“Financial independence is paramount. My mom always says that when a woman is financially independent, she has the ability to live life on her own terms. I think that was the soundest advice that I ever got. No matter where you go in life or who you get married to, you have to be financially independent — whether you use it or not,”

— Priyanka Chopra, actress, singer, and film producer.

 

Priyanka’s mother is not wrong. Never mind how the household responsibilities may be split. Even though the woman in a heteros may be dealing with money all the time, the access to money and the decision making is usually left to the man.

 

Why are women financially dependant on their husbands or fathers?

 

Blame it on patriarchy, tradition, or how the media/film portrays gender roles. At the end of the day, women lose out. It’s bad enough that they don’t teach us anything about financial literacy in schools, but if we don’t get that information at home either, we are at a distinct disadvantage.

 

As a Gen-Xer born and brought up in India, I definitely was not aware of money or its importance for my empowerment. After living in the US for more than 30 years, I was aware, but not actively participating. Truth is, I was scared.

 

Fast forward to today. The importance and the urgency of understanding how finances work is how it impacts your working life, your retirement, and the next generation -especially for women of color.

 

If we don’t stand up and understand how finances work, how will we make sure we are not taken advantage of? Or how can we know if we’re being paid equitably? How will we know how to not run out of money during retirement? And how will we prepare the next generation?

 

What are the first financial concepts you need to learn to become financially independent?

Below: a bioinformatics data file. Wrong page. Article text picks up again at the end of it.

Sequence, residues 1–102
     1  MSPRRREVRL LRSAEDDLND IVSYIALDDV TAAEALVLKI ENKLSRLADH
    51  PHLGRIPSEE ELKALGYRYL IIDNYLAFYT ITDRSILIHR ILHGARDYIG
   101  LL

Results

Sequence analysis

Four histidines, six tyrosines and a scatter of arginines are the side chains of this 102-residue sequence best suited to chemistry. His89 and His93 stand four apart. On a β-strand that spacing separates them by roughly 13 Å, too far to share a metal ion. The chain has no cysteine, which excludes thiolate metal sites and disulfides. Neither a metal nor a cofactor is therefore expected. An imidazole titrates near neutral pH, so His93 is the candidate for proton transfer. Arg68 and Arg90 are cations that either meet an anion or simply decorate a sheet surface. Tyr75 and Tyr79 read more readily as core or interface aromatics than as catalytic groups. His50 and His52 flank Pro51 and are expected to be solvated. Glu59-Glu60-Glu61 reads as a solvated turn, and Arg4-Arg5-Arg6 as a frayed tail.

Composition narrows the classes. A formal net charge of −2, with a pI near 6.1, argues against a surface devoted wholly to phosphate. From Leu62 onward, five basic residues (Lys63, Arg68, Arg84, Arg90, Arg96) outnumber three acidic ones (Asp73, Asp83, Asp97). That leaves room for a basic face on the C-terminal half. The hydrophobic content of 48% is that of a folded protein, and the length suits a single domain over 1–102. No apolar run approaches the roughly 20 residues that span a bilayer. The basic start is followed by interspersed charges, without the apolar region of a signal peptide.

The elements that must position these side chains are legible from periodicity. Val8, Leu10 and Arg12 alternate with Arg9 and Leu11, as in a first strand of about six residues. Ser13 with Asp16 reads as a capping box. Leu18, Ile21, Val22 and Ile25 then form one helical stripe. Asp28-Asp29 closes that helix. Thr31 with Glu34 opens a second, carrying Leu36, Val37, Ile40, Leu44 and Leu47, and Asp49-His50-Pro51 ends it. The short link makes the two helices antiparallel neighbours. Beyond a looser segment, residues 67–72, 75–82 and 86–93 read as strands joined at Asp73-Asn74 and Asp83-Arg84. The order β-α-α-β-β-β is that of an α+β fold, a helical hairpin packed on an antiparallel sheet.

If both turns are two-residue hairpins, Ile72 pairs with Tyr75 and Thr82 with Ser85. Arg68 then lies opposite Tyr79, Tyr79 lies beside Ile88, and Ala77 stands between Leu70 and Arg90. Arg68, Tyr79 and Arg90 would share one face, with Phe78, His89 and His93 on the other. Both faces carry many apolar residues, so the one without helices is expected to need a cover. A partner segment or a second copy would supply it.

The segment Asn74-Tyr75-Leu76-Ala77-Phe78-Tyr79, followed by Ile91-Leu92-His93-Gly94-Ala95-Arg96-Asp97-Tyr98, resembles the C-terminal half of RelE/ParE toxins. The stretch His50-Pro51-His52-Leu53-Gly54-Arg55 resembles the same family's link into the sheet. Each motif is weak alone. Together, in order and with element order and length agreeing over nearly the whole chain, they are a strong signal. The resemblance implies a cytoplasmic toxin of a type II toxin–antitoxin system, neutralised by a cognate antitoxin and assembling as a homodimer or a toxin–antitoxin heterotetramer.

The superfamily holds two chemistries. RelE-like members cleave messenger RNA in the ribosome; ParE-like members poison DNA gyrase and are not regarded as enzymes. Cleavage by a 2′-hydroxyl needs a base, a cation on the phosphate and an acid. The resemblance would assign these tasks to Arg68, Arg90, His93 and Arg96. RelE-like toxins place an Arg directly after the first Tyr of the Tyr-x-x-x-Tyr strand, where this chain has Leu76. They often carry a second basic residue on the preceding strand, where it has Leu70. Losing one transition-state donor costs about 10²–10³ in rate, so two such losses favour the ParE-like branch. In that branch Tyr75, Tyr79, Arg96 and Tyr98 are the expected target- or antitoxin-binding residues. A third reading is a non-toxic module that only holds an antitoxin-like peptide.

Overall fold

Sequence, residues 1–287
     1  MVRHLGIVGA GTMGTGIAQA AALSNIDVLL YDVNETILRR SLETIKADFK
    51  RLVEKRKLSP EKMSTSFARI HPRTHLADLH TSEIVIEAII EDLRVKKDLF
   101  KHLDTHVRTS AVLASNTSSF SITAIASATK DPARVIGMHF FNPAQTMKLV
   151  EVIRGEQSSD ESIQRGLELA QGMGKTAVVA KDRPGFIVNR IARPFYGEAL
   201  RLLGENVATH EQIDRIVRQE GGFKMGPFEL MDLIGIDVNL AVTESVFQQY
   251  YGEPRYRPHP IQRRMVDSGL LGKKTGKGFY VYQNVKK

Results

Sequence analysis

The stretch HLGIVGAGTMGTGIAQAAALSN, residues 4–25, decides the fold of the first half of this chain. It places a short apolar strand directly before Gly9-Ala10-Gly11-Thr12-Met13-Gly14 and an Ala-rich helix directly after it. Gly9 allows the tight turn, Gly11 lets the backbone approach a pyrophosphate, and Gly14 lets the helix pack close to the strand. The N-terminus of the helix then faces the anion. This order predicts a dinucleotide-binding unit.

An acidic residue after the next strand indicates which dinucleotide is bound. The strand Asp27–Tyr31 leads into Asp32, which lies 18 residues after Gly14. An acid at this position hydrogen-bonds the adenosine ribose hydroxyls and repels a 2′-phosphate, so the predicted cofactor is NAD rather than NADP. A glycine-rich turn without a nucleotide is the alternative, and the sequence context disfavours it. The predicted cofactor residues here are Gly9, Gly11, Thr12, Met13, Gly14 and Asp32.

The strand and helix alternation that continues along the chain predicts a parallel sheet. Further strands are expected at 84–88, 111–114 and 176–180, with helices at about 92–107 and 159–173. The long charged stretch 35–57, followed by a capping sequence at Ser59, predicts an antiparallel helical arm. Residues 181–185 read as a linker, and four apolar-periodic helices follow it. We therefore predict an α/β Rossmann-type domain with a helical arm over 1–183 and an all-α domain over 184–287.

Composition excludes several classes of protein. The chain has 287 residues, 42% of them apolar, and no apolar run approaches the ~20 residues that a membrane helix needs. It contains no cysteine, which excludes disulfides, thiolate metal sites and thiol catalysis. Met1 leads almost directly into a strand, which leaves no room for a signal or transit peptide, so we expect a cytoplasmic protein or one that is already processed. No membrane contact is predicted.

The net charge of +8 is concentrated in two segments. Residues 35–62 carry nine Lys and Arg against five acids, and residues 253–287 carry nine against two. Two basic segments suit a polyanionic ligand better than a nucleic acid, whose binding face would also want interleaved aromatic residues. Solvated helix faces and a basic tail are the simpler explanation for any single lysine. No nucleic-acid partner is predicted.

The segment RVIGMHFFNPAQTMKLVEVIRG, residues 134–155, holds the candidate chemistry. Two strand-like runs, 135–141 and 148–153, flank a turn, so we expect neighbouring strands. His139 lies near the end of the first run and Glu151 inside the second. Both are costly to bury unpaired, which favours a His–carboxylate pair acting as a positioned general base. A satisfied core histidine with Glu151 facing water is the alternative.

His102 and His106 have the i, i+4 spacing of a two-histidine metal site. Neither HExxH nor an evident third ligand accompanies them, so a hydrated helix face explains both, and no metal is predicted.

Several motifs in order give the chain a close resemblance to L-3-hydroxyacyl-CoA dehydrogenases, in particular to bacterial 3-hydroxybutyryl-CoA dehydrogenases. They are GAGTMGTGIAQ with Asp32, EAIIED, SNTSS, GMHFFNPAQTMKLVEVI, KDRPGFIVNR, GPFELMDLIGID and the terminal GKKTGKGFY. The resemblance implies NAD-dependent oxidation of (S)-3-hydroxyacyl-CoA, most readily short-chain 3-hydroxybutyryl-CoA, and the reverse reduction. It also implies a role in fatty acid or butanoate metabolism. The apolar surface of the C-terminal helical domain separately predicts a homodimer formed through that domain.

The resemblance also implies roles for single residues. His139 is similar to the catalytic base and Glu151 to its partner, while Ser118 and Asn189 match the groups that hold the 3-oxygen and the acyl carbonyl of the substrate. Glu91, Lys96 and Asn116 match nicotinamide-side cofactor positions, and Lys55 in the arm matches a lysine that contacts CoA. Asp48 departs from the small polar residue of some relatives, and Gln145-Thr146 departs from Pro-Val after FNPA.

1. Look at all the money coming in from your pay or your side hustle. This is your income.
  2. Look at all your expenses. That’s everything that you’re spending on, from shoes to gas, to brunch with the girls.
    • Do you have a credit card in your name? If you don’t, but you are using your spouse’s, then you are not building a credit score.
      • If you do have a credit card in your name then, are you paying it all off at the end of the month? Or are you paying only the interests?
  3. Go back to your income. Is it more or less than your expenses? If it is more, that means you are living above your means. Stop spending more than you earn.
  4. Look at your savings.
    • Do you have a savings account? Are you putting a little bit in there every paycheck?
    • Do you have an emergency fund? This should be anything between 3 to 12 months of your monthly expenses.
    • Do you have a 401k or Roth at work? Are you putting money aside in there?

 

Why am I asking all these questions? Because I had to do it myself not too long ago. Knowledge is power. Once you know what you have, then you can decide on your next steps and where you want to go.

 

There is so much to learn, but when you start taking baby steps and making small decisions, you feel empowered. Then you make bigger decisions, and next thing you know, you are on your way!

 

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